On Wednesday, May 17, 2000, at 2:28 p.m., Ed Danaher sent the following email to all operational units in the World Weather Building:
Subject: WWB AFOS Turned Off
After two decades of (mostly) faithful service, the AFOS in the World
Weather Building was turned off at 11:10 AM this morning. The line to
SMCC was switched off and the system software halted. The hardware was
left powered on, however, in case the system needs to be quickly
Current plans are to turn off the power to the hardware tomorrow
afternoon unless a previously unidentified user surfaces. The hardware,
phone lines, etc., will remain in place for several weeks while the
paperwork to remove the beast moves forward.
A month later, the AFOS hardware was
|Jim Hoke (left), Director
of WPC and MPC, looks on as Erich Wolf,
AFOS System Manager, informs SMCC that AFOS will be removed from service. That's Tom Baldwin of the NESDIS Satellite Analysis Branch working in the background.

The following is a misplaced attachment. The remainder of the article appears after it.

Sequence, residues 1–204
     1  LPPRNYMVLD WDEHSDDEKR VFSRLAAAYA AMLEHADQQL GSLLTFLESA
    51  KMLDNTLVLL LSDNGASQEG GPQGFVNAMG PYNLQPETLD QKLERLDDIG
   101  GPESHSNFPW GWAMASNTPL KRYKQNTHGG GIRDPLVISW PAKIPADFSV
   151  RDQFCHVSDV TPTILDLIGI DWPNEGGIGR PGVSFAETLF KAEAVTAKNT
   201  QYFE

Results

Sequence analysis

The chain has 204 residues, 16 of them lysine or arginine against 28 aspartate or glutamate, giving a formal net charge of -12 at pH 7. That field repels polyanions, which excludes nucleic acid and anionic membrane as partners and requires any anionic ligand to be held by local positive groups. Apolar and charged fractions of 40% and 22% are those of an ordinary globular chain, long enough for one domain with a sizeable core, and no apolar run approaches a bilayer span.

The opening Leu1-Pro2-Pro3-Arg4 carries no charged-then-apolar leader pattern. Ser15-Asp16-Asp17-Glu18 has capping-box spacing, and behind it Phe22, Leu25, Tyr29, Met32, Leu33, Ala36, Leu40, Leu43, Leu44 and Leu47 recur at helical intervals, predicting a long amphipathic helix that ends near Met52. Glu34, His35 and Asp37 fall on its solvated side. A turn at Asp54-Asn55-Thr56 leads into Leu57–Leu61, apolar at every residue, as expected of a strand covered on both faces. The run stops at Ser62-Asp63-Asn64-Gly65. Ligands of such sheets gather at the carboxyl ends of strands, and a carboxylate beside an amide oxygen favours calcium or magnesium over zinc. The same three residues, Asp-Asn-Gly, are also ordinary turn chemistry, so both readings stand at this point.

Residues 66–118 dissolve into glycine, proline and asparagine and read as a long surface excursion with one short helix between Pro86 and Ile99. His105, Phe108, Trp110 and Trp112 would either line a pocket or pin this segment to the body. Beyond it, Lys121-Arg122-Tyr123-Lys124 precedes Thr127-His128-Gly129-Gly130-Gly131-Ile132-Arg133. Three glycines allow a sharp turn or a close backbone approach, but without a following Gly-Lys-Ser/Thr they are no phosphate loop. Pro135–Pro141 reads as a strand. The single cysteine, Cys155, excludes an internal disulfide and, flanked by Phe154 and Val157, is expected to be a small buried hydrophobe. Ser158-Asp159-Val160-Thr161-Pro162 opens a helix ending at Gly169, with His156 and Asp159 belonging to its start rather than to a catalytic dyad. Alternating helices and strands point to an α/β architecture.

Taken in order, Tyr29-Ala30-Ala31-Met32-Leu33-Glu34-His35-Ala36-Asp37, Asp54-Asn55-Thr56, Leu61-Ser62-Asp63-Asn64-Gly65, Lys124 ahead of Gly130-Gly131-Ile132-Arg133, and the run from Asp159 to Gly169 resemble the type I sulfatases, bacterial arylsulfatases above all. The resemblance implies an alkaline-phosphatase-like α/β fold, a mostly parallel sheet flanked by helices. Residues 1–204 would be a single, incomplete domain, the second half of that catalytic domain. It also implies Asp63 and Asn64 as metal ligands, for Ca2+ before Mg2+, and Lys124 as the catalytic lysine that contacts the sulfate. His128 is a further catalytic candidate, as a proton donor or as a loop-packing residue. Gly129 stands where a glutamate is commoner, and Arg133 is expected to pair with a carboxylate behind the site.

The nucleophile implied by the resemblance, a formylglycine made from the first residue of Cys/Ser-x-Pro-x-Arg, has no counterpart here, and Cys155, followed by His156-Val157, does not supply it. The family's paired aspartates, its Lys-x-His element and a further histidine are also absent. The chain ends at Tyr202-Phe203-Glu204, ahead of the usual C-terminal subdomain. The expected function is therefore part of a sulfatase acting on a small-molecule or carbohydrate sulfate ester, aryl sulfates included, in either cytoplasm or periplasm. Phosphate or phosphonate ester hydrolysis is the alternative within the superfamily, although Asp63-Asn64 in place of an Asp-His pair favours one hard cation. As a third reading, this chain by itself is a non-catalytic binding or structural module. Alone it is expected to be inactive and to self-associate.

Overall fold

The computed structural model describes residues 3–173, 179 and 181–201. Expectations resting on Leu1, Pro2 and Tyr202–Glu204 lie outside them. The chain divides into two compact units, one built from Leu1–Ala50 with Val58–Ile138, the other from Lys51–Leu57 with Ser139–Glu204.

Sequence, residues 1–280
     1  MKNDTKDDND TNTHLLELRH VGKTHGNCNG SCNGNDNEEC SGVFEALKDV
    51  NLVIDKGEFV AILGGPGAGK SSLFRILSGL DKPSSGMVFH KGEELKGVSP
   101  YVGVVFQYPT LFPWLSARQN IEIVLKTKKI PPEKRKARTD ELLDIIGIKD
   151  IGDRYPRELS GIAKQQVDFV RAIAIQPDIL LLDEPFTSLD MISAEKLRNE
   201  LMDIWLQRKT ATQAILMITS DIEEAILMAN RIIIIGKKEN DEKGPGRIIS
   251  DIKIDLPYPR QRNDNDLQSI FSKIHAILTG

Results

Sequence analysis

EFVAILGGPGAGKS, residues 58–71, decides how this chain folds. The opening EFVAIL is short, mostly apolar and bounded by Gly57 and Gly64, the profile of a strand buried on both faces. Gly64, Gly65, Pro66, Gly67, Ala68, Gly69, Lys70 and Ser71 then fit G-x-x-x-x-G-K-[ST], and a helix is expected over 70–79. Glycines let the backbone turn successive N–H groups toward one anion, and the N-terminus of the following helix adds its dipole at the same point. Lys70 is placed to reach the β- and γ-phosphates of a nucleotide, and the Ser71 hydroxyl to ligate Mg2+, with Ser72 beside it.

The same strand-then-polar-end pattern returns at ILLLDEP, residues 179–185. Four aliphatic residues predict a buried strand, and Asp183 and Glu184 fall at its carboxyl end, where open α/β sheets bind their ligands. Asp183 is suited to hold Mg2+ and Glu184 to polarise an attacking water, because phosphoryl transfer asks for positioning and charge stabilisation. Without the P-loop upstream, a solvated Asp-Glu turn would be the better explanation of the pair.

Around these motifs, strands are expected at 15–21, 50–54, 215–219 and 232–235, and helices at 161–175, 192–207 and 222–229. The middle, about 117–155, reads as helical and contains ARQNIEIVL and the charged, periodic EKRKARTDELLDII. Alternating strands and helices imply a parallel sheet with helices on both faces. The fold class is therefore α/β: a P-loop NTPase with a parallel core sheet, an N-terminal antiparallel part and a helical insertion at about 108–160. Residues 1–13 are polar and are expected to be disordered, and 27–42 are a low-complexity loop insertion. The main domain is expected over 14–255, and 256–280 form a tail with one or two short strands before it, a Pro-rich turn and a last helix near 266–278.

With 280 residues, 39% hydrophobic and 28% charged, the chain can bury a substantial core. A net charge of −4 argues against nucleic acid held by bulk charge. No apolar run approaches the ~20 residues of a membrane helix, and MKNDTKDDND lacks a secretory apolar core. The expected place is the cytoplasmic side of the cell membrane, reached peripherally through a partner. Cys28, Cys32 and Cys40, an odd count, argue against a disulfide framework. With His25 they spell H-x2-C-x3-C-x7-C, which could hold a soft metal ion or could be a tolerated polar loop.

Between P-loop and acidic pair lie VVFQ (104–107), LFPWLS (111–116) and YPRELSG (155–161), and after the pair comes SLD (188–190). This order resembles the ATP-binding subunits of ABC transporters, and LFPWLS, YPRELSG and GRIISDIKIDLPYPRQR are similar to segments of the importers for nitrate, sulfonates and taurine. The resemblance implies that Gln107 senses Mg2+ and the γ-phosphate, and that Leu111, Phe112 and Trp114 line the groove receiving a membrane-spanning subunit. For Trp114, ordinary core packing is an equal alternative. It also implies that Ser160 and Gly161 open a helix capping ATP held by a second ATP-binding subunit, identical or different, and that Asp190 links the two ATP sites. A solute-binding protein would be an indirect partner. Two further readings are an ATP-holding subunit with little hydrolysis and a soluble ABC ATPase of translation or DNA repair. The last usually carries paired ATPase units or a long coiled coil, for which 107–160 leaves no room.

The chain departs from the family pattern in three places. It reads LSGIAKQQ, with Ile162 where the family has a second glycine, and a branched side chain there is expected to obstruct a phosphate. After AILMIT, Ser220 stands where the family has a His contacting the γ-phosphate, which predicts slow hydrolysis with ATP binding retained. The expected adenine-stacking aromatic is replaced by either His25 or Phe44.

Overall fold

|Erich, assisted by ET Jim Burke, powers down AFOS for the last time.||"I may need
some help with this..."
(WPC Administrative Officer Jerry Delaney)
|Jerry says "Let's get this outta here!"||Onto the elevator and into history...|
The AFOS served the people of the National Weather Service well for over two decades. Besides enabling NWS staff to serve the growing needs of the country for weather information, the AFOS was important in its role as a stepping stone to the more modern technology that has replaced it -- the Advanced Weather Interactive Processing System (AWIPS) and its National Centers counterpart N-AWIPS.